June 14 to June 26, 2020 | Duke University | Virtual event
In order to use our time together efficiently, there are a number of things that you should do before participating in SICSS-Duke 2020. Our TAs will host office hours through Slack to support you as you work through these pre-arrival materials.
SICSS-Duke 2020 will be using a flipped classroom model where you will watch videos of lectures before our meetings, and then we will use our time together for discussion and group activities. We hope to start posting some videos around May 15, 2020. If you’d like to have a sense of what these videos are like, you can watch our lectures from 2019.
The majority of the coding work presented at the 2020 SICSS will employ R. However, you are welcome to employ a language of your choice, such as Python, Julia, or other languages that are commonly used by computational social scientists. If you would like to work in R, we recommend that you complete the free RStudio Primers, which can be supplemented by the open access book R for Data Science by Garrett Grolemund and Hadley Wickham. RStudio Primers cover 6 topics: The Basics, Working with Data, Visualize Data, Tidy Your Data, Iterate, and Write Functions. If you already feel comfortable with these topics (either in R or some other language), then you do not need to complete these Primers.
If you would like more practice after completing the RStudio Primers, some other materials that we can recommend are:
The Summer Institute will bring together people from many fields, and therefore we think that asking you to do some reading before you arrive will help us use our time together more effectively. In order to prepare for SICSS, you should read Matt’s book, Bit by Bit: Social Research in the Digital Age (Read online or purchase from Amazon, Barnes & Noble, IndieBound, or Princeton University Press). Parts of this book, which is a broad introduction to computational social science, will be review for most of you, but if we all read this book ahead of time, then we can use our time together for more advanced topics.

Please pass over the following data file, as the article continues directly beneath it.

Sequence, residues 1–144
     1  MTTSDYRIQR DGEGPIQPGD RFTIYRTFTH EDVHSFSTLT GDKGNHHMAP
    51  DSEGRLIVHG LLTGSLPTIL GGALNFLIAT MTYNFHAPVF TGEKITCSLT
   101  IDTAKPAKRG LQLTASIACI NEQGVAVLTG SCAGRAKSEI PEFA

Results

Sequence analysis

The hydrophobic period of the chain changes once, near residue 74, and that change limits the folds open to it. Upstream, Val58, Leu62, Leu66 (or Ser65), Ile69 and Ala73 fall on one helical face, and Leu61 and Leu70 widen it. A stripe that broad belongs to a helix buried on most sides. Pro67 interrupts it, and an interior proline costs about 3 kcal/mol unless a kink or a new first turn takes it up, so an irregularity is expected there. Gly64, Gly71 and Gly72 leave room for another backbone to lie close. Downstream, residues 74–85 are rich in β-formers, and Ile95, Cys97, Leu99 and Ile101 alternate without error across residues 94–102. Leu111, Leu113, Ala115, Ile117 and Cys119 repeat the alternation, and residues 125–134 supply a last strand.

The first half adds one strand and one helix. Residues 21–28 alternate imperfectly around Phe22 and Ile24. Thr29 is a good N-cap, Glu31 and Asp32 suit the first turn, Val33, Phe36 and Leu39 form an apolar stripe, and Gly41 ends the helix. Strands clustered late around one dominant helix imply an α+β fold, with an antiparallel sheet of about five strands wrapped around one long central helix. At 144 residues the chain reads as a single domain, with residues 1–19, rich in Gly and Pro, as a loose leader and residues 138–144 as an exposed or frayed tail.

Some of the activities will require coding, and we will support R. You are welcome to use other languages, but we cannot guarantee that we can support them.
We want to give you some videoconferencing information to make our meeting time go more smoothly. We will be using the videoconferencing software Zoom to facilitate small and large-group sessions during the first week of SICSS (see schedule). You can join Zoom meetings using a phone or computer with a microphone and (ideally) a webcam. See this tutorial for more information if you have not used Zoom before. This article contains some helpful advice on how to set up your device and space to improve your Zoom experience. (Note: though the article recommends external microphones and webcams, we DO NOT recommend or require you to purchase any equipment to participate in SICSS. In our experience, the microphones and webcams built into most modern laptops and phones are perfectly sufficient).
Slack: Before participating at SICSS-Duke 2020 you should have an account in the SICSS 2020 Slack workspace. If you have not used Slack before, you should review these [getting started[(https://slack.com/help/categories/360000049043-Getting-started)] materials. Slack can be hard to use at first, but we’ve found that it is the best way to enable everyone to collaborate.
GitHub: Many participants at SICSS use GitHub to collaborate. If you do not yet have one, you should create a GitHub account. If you are a student, we recommend that you apply for a GitHub Student Developer Pack.
You may need to create accounts on other platforms as well. If so, we will post that information here.
Our TAs will host weekly office hours in the SICSS 2020 Slack. You can find information about the office hours in the SICSS 2020 Slack channel #pre-office-hours.
If you are not able to attend during the regularly scheduled office hours or have any questions about office hours, please contact Robin Lee, one of our TAs.